Dementia has been conventionally understood as a syndrome caused by diseases, characterised by plaques and tangles, brain scans, drugs, tragedy, suffering, passivity, and at the extreme, locked doors and clinical technical care, explains Professor Cahill.

Drawing on her vast experience in the area as Director of the Dementia Services Information and Development Centre, Professor Cahill maintains that people living with dementia are exceptionally vulnerable and at a heightened risk of having their human rights violated.

There is a gap in our understanding of dementia from a social justice perspective and an urgent need to interrogate dementia using a human rights lens, says Professor Cahill.

A key message communicated by Professor Cahill is that for people to live well with dementia, policies need to be reframed, prejudicial attitudes must be eliminated, care staff need specialist training and more resources need to be allocated to dementia services.

Professor Cahill explores the following key questions in the course of the book:

Outline The Medical Model Of Dementia

Unit 13: Dementia Awareness.Unit Code: DEM 201.1 | Understand what Dementia is.1.1) Explain what is ment by the term ‘Dementia’.- Dementia is a form of disorder which effects the key functions of the brain and the individual’s characteristics.1.2) Describe the key functions of the brain that are affected by Dementia.- The key functions of the brain that are affected by Dementia are: processes information, language, memory and the ability to make sound judgements.1.3) Explain why Depression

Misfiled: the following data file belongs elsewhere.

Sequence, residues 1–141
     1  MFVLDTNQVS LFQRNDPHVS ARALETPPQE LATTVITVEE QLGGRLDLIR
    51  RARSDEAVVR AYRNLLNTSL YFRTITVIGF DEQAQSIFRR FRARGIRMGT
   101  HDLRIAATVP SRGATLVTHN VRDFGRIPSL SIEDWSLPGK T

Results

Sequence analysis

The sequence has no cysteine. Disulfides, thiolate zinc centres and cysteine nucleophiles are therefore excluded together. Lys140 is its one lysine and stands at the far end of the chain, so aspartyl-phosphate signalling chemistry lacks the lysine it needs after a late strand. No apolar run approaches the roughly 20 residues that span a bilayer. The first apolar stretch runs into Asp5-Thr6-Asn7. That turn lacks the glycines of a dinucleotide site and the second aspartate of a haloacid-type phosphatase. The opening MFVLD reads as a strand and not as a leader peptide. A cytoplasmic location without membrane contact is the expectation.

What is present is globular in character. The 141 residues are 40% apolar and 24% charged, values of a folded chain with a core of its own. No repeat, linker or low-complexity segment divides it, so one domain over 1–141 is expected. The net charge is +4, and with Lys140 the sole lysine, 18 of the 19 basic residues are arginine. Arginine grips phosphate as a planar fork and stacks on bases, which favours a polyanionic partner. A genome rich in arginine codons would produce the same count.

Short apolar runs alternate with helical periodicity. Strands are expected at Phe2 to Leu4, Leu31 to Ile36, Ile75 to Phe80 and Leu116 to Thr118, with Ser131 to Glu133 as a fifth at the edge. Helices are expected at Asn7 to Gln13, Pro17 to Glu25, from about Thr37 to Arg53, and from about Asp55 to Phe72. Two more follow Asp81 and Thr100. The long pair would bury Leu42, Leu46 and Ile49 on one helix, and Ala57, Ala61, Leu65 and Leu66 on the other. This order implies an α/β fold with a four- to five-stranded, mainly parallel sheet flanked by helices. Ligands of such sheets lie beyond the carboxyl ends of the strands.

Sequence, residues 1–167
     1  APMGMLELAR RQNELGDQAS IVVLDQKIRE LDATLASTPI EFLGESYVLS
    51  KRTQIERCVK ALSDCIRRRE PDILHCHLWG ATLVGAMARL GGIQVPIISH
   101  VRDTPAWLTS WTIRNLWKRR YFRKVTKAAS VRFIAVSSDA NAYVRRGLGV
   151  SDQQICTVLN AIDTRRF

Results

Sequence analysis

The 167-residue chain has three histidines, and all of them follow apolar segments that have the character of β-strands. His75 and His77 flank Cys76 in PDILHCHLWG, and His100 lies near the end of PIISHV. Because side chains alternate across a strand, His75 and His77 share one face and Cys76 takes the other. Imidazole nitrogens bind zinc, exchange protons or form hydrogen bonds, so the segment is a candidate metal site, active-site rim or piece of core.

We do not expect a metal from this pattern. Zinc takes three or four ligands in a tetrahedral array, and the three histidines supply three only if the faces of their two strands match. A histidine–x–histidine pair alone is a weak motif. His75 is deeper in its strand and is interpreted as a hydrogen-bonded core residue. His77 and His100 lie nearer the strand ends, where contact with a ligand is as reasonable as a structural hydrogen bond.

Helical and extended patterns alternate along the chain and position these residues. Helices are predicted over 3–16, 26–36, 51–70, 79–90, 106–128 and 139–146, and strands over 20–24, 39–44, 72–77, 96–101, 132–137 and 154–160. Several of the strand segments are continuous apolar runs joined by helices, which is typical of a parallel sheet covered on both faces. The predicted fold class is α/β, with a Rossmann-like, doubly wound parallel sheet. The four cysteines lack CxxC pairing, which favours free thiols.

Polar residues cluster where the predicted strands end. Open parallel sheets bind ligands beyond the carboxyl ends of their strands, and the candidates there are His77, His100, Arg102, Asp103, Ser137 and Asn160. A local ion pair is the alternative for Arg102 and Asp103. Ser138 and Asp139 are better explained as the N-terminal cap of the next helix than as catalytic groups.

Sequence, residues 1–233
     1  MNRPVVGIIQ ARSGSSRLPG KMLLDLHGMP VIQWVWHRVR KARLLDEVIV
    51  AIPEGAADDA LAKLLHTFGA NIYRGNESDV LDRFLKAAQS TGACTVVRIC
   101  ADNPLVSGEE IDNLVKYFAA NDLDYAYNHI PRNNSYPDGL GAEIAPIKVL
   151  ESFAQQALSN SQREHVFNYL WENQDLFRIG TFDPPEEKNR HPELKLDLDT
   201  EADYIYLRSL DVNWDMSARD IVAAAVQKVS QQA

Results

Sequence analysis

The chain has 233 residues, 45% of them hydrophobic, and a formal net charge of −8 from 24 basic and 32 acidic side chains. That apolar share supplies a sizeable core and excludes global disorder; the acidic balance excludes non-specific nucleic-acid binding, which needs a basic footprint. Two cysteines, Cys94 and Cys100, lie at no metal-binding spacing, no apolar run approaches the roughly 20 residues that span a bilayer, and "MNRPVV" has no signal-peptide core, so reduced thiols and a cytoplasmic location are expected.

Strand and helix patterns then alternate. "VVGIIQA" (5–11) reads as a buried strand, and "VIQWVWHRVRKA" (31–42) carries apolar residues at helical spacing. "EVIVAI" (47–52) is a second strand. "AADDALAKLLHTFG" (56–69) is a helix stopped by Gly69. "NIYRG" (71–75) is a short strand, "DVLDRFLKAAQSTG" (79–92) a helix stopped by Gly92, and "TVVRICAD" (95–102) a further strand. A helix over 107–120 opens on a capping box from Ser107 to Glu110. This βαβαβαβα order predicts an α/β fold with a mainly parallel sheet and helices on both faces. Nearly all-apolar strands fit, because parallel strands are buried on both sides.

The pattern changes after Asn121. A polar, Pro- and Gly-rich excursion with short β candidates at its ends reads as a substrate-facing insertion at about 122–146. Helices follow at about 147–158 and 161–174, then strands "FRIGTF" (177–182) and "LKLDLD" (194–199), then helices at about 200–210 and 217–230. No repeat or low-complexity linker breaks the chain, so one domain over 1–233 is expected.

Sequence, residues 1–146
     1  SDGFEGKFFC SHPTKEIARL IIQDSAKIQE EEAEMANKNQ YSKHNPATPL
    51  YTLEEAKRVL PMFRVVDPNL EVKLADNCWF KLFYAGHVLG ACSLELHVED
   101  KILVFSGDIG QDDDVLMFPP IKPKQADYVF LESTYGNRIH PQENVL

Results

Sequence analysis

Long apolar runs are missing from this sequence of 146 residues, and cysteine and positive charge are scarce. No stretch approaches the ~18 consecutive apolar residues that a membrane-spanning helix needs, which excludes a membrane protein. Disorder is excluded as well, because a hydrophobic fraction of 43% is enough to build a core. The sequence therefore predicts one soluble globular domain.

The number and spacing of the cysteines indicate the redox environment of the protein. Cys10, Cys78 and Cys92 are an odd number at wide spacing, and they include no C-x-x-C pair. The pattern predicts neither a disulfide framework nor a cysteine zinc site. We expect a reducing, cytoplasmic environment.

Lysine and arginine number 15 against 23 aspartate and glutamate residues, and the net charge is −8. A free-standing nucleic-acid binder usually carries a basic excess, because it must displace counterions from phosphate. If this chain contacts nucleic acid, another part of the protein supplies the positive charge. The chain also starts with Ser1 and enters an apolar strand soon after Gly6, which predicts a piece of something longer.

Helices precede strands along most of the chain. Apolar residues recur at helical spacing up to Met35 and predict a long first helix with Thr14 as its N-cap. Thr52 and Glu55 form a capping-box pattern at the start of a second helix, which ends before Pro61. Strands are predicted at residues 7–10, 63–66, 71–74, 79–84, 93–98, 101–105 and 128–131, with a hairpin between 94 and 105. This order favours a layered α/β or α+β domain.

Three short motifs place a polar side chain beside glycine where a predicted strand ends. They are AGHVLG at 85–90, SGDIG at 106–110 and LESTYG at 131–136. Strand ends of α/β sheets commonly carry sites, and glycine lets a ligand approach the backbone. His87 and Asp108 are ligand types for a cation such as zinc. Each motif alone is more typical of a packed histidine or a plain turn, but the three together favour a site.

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Ethical Considerations And Recruitment

This study received ethical approval by Queens University Belfast, School of Nursing and Midwifery Research Ethics Committee in April 2019 .

Dementia NI, a voluntary membership organisation led by individuals living with dementia, acted as a gatekeeper for this study . Dementia NI have several local empowerment groups that are comprised solely of people living with dementia and their overall function is to contribute to improving services for people with dementia. Dementia NI shared information about the study with members during local empowerment group meetings. People with dementia who were interested in participating in this study attended a focus group meeting 2 weeks later. Immediately prior to the focus group, all participants met with the researcher who provided information about the study, the structure of the interview and what would happen with the data. The consent processes were guided by Dewing and consent was re-checked at the conclusion of each focus-group. An empowerment officer from Dementia NI, who knew and regularly met with the participants, was present during all periods of data collection to identify if people living with dementia were showing signs of ill being that could imply consent was being withdrawn during the focus group.